There is a paradigm shift from the traditional focus on the “average” individual towards the definition and analysis of trait variation within individual life-history and among individuals in populations. This is a result of increasing availability of individual phenotypic data. The shift allows the use of genetic and environment-driven variations to assess robustness to challenge, gain greater understanding of organismal biological processes, or deliver individual-targeted treatments or genetic selection. These consequences apply, in particular, to variation in ontogenetic growth. We propose an approach to parameterise mathematical models of individual traits (e.g., reaction norms, growth curves) that address two challenges: 1) Estimation of individual traits while making minimal assumptions about data distribution and correlation, addressed via Approximate Bayesian Computation (a form of nonparametric inference). We are motivated by the fact that available information on distribution of biological data is often less precise than assumed by conventional likelihood functions. 2) Scaling-up to population phenotype distributions while facilitating unbiased use of individual data; this is addressed via a probabilistic framework where population distributions build on separately-inferred individual distributions and individual-trait interpretability is preserved. The approach is tested against Bayesian likelihood-based inference, by fitting weight and energy intake growth models to animal data and normal- and skewed-distributed simulated data. i) Individual inferences were accurate and robust to changes in data distribution and sample size; in particular, median-based predictions were more robust than maximum likelihood-based curves. These results suggest that the approach gives reliable inferences using few observations and monitoring resources. ii) At the population level, each individual contributed via a specific data distribution, and population phenotype estimates were not disproportionally influenced by outlier individuals. Indices measuring population phenotype variation can be derived for study comparisons. The approach offers an alternative for estimating trait variability in biological systems that may be reliable for various applications, for example, in genetics, health, and individualised nutrition, while using fewer assumptions and fewer empirical observations. In livestock breeding, the potentially greater accuracy of trait estimation (without specification of multitrait variance-covariance parameters) could lead to improved selection and to more decisive estimates of trait heritability.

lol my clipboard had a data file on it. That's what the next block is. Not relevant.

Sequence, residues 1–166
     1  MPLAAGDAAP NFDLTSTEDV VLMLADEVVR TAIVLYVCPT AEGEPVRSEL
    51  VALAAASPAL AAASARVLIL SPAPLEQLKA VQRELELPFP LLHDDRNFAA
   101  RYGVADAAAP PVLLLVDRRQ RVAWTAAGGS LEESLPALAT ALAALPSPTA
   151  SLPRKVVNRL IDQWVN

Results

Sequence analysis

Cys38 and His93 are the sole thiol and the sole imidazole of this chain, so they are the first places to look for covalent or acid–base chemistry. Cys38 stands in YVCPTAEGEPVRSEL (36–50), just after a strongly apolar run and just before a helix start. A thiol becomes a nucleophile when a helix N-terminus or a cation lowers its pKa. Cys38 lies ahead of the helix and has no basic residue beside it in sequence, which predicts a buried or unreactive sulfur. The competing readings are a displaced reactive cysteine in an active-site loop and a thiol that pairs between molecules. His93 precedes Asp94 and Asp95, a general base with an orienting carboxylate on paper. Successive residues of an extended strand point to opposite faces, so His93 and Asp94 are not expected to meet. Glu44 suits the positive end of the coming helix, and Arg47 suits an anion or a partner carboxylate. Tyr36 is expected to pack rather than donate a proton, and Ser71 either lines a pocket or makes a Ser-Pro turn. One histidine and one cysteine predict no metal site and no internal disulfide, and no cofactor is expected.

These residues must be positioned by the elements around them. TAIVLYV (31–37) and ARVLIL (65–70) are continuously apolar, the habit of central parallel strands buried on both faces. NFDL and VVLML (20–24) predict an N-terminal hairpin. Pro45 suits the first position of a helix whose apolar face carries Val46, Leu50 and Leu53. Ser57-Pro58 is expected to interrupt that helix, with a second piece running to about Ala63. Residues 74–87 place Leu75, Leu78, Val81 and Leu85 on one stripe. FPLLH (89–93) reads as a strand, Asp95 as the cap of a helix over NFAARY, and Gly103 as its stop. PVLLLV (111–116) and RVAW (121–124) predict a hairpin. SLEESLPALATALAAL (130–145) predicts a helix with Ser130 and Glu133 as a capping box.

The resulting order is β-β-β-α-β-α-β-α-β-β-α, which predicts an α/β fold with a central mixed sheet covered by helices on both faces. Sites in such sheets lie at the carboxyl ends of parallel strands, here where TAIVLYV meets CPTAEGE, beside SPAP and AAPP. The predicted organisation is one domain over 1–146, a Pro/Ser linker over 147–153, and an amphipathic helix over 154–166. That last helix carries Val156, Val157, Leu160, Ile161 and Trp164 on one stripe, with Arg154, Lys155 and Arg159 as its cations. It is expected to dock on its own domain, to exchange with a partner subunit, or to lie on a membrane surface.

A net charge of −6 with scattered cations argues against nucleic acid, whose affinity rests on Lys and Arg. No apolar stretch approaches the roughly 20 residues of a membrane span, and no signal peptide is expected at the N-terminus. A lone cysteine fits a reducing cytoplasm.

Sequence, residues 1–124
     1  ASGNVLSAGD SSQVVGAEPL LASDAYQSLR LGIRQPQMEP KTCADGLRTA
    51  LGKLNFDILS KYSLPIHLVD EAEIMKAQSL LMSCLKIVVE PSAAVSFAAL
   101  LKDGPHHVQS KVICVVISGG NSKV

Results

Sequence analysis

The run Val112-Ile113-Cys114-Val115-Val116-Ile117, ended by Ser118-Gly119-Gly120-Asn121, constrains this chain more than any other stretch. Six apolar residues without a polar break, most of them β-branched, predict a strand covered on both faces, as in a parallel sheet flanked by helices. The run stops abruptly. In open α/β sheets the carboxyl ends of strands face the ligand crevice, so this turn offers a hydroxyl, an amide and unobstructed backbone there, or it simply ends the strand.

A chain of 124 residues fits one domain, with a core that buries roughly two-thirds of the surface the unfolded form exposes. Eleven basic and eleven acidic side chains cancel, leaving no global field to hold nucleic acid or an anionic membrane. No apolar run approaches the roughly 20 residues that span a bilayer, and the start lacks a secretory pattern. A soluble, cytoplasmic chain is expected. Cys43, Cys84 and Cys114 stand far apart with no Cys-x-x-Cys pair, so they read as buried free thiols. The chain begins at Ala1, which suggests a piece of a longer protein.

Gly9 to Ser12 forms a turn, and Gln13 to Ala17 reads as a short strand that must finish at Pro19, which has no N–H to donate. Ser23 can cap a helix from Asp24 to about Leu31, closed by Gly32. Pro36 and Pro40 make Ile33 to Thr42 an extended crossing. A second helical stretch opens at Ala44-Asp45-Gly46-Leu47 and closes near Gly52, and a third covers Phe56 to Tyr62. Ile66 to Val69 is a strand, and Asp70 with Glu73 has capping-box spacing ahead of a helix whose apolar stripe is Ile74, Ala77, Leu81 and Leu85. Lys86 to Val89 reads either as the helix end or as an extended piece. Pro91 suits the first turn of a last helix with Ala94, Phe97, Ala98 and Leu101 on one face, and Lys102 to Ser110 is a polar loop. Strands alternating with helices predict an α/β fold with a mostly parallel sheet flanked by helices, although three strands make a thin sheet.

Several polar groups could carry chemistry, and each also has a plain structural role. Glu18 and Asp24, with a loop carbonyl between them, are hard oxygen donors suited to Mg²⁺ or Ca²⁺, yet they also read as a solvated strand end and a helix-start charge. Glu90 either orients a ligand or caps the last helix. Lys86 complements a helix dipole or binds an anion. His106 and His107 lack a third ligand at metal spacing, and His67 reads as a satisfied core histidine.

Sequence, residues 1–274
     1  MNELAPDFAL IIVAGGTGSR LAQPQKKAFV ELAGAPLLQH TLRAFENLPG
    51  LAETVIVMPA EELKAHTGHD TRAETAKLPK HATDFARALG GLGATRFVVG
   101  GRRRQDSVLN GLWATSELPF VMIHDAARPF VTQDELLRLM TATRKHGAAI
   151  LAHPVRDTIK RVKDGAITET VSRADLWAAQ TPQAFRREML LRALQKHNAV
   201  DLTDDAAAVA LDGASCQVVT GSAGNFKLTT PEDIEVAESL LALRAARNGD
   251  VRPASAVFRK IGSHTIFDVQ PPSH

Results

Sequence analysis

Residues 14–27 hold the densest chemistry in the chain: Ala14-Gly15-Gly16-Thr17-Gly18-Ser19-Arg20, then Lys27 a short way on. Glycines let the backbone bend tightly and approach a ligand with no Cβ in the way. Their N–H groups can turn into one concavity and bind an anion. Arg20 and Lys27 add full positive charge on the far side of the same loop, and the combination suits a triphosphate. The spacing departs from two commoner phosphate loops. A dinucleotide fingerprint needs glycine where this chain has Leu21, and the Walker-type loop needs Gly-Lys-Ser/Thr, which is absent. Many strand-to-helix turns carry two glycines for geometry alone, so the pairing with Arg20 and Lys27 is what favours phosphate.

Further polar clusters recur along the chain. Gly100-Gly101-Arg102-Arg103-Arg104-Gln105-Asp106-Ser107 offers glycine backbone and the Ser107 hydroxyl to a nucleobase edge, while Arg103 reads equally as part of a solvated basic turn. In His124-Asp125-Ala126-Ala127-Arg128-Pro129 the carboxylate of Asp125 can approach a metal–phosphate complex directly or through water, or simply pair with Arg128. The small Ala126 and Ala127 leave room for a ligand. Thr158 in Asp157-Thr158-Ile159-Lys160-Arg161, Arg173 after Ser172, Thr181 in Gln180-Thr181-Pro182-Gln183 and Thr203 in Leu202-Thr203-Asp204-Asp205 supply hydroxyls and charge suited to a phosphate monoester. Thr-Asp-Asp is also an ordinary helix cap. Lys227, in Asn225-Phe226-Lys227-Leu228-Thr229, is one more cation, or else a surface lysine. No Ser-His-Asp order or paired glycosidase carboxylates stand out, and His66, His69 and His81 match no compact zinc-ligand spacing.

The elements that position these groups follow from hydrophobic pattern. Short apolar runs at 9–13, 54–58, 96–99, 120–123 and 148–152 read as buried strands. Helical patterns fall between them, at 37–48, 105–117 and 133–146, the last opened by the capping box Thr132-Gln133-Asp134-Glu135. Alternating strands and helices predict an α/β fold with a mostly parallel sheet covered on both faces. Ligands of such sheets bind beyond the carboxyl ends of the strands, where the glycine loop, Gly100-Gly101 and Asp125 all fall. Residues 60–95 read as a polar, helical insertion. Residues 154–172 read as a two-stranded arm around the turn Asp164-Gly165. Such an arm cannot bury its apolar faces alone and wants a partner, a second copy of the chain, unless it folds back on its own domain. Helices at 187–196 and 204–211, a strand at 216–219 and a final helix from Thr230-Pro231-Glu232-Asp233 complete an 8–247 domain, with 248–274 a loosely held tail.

ASJC Scopus subject areas
- Molecular Medicine